The "helwa" referred to in the text here is a Middle Eastern sweet, from the Arabic "halwah," meaning "sweet." You can read more about the different kinds of halva at Wikipedia.
One of the characters in this story is Jewish; you can find out more about the long history of Jewish communities in Turkey at Wikipedia.
You will also see a reference to a "Cadi," which is a judge. This term is also Arabic in origin (qadi); you can read more about the role of the qadi in Islamic tradition at Wikipedia.
[Notes by LKG]
This story is part of the Turkish Fairy Tales unit. Story source: Forty-four Turkish Fairy Tales by Ignacz Kunos, with illustrations by Willy Pogany (1913).
"What is fear?" the boy asked his mother.
"When one is afraid," was the answer.
"What then can this thing fear be?" pondered the son: "I will go and find it." So he set out and came to a mountain where he saw forty robbers who lighted a fire and then seated them selves around it.
The youth went up and greeted them, whereon one of the robbers addressed him: "No bird dares to fly here, no caravan passes this place: how then dost thou dare to venture?"
"I am seeking fear; show it to me."
"Fear is here, where we are," said the robber.
"Where?" inquired the youth.
Then the robber commanded: "Take this kettle, this flour, fat, and sugar; go into that cemetery yonder and make helwa therewith."
"It is well," replied the youth, and went.
In the cemetery he lit a fire and began to make the helwa. As he was doing so, a hand reached out of the grave, and a voice said: "Do I get nothing?"
Striking the hand with the spoon, he answered mockingly: "Naturally I should feed the dead before the living."
The hand vanished, and, having finished cooking the helwa, the youth went back to the robbers.
"Hast found it?" they asked him.
"No," replied he. "All I saw was a hand which appeared and demanded helwa, but I struck it with the spoon and saw no more of it."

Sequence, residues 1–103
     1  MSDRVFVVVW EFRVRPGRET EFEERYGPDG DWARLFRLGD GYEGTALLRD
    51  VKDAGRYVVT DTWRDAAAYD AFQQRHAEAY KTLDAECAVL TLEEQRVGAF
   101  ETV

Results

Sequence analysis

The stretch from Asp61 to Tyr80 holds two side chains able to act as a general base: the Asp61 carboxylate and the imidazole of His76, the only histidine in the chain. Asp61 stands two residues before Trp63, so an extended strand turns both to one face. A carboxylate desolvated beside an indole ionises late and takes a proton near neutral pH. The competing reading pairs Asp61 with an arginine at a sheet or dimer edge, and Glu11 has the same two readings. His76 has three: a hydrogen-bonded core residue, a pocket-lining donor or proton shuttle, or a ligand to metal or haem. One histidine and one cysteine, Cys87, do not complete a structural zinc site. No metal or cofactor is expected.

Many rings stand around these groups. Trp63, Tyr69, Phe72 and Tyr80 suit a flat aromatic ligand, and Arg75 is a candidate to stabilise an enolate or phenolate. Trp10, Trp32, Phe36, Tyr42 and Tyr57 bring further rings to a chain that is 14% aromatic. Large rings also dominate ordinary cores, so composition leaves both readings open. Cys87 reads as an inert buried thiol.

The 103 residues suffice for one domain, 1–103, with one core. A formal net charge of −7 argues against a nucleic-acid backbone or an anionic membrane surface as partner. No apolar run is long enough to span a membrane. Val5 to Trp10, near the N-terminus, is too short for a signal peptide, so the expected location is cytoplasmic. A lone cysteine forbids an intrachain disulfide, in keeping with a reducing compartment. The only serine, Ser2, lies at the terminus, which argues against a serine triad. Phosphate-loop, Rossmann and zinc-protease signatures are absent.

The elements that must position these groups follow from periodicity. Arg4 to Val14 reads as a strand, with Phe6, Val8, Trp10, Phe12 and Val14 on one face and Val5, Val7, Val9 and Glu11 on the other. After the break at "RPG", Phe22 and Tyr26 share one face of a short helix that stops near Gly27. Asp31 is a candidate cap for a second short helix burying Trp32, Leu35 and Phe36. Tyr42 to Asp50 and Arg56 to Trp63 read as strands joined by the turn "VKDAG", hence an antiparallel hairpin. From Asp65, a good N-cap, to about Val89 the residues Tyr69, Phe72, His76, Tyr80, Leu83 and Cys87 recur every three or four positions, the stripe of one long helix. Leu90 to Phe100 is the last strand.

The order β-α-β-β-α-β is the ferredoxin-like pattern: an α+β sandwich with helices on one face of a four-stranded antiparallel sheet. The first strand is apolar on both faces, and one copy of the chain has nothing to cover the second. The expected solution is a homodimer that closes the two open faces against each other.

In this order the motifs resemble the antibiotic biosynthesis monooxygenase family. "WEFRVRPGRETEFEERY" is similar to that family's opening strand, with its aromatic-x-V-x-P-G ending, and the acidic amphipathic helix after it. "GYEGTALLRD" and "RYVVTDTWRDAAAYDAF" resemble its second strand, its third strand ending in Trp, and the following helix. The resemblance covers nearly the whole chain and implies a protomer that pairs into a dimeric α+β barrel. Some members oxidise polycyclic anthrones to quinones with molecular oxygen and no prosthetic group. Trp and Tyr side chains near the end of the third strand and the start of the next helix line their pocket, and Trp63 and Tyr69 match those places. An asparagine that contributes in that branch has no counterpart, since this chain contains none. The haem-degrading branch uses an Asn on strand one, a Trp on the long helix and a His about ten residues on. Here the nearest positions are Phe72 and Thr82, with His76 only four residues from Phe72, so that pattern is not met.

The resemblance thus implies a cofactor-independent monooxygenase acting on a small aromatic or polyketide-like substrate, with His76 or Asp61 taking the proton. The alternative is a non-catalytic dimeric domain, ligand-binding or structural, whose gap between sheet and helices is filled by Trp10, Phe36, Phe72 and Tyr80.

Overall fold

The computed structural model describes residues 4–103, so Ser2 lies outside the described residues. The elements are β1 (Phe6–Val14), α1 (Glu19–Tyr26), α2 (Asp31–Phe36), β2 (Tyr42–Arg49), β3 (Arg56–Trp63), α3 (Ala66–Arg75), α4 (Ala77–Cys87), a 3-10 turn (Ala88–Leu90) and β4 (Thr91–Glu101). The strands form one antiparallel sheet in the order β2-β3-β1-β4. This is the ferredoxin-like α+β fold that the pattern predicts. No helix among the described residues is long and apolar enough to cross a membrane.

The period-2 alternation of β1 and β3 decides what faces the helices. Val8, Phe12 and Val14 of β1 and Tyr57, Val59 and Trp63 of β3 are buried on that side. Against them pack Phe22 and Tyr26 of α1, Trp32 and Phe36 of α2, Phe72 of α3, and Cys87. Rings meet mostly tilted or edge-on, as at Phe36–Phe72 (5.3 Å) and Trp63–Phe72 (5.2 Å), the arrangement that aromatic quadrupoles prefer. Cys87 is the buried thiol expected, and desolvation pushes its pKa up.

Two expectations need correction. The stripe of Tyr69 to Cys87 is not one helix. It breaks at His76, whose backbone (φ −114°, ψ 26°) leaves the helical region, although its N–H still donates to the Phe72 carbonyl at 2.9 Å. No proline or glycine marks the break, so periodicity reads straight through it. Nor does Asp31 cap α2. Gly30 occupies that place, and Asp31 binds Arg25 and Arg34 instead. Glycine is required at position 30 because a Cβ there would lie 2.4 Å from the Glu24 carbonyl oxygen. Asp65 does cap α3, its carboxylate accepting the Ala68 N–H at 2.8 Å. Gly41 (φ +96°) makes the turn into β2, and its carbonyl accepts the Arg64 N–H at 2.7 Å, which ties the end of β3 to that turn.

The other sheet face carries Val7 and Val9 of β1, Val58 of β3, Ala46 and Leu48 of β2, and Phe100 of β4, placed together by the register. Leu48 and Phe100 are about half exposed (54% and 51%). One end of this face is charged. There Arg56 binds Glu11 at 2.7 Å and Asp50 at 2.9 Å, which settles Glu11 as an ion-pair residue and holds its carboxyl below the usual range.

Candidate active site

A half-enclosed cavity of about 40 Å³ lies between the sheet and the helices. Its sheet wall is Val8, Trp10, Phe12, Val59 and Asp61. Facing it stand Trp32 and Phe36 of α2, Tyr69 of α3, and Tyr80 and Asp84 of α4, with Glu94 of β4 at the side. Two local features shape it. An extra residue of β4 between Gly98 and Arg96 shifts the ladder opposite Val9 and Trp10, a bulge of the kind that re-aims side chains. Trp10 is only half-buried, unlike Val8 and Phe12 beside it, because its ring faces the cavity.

The robbers were astonished. Then another of them remarked: "Not far from here is a lonely building; there you can, no doubt, find fear."
He went to the house, and entering, saw on a raised platform a swing in which was a child weeping; in the room a girl was running hither and thither.
The maiden approached him and said: "Let me get upon your shoulders; the child is crying and I must quieten it." He consented, and the girl mounted. While thus occupied with the child, she began gradually to press the youth's neck with her feet until he was in danger of strangulation. Presently, with a jerk that threw him down, the girl jumped from his shoulders and disappeared. As she went a bracelet fell from her arm to the floor.
Picking it up, the youth left the house. As he passed along the road, a Jew, seeing the bracelet, accosted him. "That is mine," he said.
"No, it is mine," was the rejoinder.
"Oh, no, it is my property," retorted the Jew.
"Then let us go to the Cadi," said the youth. "If he awards it to thee, it shall be thine; if, however, he awards it to me, it remains in my possession."
So accordingly, they went, and the Cadi said: "The bracelet shall be his who proves his case." Neither, however, was able to do this, and finally the judge ordered that the bracelet should be impounded till one of the claimants should produce its fellow, when it would be given up to him. The Jew and the youth then parted.
On reaching the coast, the boy saw a ship tossing to and fro out at sea and heard fearful cries proceeding from it. He called out from the shore: "Have you found fear?" and was answered with the cry, "Oh, woe, we are sinking!"
Quickly divesting him self of his clothes, he sprang into the water and swam toward the vessel. Those on board said: "Someone is casting our ship to and fro; we are afraid."
The youth, binding a rope round his body, dived to the bottom of the sea. There he discovered that the Daughter of the Sea (Deniz Kyzy) was shaking the vessel. He fell upon her, flogged her soundly, and drove her away. Then, appearing at the surface, he asked: "Is this fear?"
Without awaiting an answer he swam back to the shore, dressed himself, and went his way.
Now as he walked along, he saw a garden, in front of which was a fountain. He resolved to enter the garden and rest a little. Three pigeons disported themselves around the fountain. They dived down into the water, and as they came up again and shook themselves, each was transformed into a maiden. They then laid a table, with drinking glasses.
When the first carried a glass to her lips, the others inquired: "To whose health drinkest thou?" She answered: "To that of the youth who, in making helwa, was not dismayed when a hand was stretched out to him from a grave."
As the second maiden drank, the others again asked: "To whose health drinkest thou?" And the answer was: "To the youth on whose shoulders I stood, and who showed no fear though I nearly strangled him."
Hereupon the third took up her glass. "Of whom art thou thinking?" questioned the others. "In the sea, as I tossed a ship to and fro," the maiden replied, "a youth came and flogged me so soundly that I nearly died. I drink his health."
Next: Fear (cont.)